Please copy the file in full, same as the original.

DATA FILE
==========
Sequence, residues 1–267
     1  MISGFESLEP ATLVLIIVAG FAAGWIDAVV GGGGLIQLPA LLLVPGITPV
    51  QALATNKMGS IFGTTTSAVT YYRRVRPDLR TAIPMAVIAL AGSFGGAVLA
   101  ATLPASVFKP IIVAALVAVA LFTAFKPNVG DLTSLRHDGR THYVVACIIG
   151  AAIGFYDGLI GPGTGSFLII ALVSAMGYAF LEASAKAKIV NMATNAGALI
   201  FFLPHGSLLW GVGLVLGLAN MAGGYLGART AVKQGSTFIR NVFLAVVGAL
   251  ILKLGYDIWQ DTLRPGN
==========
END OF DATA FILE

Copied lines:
Sequence, residues 1–267
     1  MISGFESLEP ATLVLIIVAG FAAGWIDAVV GGGGLIQLPA LLLVPGITPV
    51  QALATNKMGS IFGTTTSAVT YYRRVRPDLR TAIPMAVIAL AGSFGGAVLA
   101  ATLPASVFKP IIVAALVAVA LFTAFKPNVG DLTSLRHDGR THYVVACIIG
   151  AAIGFYDGLI GPGTGSFLII ALVSAMGYAF LEASAKAKIV NMATNAGALI
   201  FFLPHGSLLW GVGLVLGLAN MAGGYLGART AVKQGSTFIR NVFLAVVGAL
   251  ILKLGYDIWQ DTLRPGN